After dealing for years with a toxic mixture of depression and heavy drinking, compiled with a none-too-satisfying post-graduate introduction to the corporate business world, in 2008 I attempted to end my life. This isn't merely a how-I-survived suicide story, however. Following my hospitalization, an extended psych ward stay, and in-patient and out-patient therapy, I was about as lost as I had been before my recovery began. Maybe more so. Believed to Be Seen follows this path, also focusing on my introduction to Alcoholics Anonymous, and my subsequent struggles with the organization's system of spiritual conversion, while also digging deeper into the federal legislation that helped strengthen 12 step recovery's place at the heart of the American treatment system.
The book explores how the disease-concept of alcoholism has been historically warped to create and strengthen new organizational bodies founded on personal religious ideals, ultimately aiding the alcohol and drug industrial complex, and the launch of a multi-billion dollar treatment industry. Along the way, a lack of unified treatment standards has not only aided the creation of some 13,000 treatment centers in the country (where there were only a couple hundred in the 1960s), but promoted ambiguity surrounding which processes can be used to treat those with substance addictions, and who is qualified to administer such treatment; ultimately resulting in an industry littered with inconsistent and faulty processes, all maintaining success rates that would otherwise suggest statistical irrelevance if not for their continued governmental support.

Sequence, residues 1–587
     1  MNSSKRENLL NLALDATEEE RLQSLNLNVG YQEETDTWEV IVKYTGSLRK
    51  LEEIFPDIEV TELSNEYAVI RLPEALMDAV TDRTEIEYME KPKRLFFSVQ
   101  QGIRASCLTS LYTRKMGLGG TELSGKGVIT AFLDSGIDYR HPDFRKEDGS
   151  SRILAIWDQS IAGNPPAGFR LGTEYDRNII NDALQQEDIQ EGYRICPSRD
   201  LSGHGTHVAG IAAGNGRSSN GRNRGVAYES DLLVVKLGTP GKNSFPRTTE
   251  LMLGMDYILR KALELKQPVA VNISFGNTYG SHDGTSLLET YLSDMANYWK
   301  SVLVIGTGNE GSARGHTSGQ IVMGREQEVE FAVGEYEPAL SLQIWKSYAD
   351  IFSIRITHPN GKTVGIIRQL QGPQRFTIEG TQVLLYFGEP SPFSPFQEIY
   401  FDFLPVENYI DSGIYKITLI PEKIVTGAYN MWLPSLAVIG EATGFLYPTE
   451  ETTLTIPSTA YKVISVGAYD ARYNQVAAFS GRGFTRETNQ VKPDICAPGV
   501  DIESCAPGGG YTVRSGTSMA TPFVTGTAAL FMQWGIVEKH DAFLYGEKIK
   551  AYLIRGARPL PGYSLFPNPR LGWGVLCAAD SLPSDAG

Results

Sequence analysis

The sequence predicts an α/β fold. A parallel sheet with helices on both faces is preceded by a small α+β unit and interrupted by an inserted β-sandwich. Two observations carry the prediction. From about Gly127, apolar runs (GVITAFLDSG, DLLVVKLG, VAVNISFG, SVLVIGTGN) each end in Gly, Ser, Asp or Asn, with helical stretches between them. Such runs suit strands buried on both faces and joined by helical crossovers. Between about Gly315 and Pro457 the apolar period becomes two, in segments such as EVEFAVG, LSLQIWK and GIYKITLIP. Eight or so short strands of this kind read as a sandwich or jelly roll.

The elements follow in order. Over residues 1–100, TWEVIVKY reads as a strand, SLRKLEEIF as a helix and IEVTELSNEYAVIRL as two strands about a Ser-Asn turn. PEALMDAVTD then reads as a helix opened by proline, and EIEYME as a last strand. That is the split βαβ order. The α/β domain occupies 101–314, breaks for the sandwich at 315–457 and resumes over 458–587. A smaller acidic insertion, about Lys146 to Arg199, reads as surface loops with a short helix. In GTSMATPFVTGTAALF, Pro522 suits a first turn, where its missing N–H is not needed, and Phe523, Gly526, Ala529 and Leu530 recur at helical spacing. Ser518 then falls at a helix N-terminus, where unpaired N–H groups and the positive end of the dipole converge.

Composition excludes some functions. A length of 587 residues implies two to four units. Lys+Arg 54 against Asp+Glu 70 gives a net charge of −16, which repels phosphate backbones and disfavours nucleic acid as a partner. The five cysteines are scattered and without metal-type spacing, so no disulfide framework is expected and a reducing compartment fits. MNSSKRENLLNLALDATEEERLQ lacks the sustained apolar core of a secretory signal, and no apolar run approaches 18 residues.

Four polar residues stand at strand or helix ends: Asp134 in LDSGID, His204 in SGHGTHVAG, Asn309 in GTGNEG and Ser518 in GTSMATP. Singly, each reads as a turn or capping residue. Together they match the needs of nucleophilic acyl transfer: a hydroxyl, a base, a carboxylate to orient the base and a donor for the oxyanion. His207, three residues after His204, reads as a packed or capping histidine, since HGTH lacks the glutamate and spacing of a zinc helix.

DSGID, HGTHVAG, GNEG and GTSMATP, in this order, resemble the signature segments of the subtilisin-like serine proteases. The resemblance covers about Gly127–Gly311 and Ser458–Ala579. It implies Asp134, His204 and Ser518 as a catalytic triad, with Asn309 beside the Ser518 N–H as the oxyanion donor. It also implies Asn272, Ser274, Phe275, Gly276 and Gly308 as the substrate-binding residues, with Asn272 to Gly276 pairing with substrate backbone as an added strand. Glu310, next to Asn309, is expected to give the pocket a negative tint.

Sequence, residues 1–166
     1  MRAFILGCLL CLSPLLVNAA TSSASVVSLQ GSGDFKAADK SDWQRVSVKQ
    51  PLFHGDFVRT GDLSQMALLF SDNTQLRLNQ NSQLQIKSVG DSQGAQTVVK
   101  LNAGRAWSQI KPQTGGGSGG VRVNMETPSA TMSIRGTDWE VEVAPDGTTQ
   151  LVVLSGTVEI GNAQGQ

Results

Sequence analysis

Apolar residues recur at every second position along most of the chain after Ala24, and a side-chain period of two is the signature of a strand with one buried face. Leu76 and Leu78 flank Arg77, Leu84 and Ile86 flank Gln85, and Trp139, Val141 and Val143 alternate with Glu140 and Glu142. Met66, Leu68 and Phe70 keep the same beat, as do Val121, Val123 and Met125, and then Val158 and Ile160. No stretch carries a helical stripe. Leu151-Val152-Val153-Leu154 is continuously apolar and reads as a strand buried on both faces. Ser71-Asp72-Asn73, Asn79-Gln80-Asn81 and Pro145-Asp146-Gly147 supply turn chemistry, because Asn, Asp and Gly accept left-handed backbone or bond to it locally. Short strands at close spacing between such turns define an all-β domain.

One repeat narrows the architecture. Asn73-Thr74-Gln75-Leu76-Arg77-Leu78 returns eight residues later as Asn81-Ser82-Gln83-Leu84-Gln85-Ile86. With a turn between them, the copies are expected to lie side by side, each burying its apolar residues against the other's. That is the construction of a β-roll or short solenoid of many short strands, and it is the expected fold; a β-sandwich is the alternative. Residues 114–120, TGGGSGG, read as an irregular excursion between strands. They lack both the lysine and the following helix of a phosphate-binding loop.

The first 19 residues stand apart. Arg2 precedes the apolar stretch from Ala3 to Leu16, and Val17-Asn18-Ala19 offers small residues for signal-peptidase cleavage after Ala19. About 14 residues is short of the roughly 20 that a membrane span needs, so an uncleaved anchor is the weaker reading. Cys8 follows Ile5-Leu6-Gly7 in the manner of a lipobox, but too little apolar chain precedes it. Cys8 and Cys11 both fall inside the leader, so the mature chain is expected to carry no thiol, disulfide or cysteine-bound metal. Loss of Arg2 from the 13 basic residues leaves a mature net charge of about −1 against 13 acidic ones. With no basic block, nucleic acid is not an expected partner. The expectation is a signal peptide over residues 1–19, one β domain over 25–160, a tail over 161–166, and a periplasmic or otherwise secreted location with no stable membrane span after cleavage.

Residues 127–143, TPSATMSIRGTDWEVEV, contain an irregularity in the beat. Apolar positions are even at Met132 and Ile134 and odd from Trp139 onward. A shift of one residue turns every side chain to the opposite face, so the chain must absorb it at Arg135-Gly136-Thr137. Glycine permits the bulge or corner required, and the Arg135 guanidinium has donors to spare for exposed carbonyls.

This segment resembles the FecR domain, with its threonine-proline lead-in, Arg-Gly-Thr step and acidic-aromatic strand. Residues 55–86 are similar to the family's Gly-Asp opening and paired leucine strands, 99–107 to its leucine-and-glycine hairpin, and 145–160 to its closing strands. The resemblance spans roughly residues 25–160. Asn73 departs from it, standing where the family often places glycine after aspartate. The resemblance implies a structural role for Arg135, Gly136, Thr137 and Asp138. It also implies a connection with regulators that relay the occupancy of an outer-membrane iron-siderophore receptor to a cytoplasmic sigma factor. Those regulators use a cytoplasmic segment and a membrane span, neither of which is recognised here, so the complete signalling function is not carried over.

The purpose of Believed to Be Seen isn't to merely uncover why the American treatment industry has evolved as it has, or to suggest complete structural disillusionment. At its core, it is about learning to recognize the system for what it is in determining how to best attain legitimate personal healing. Through my own journey I ... Download and start listening now!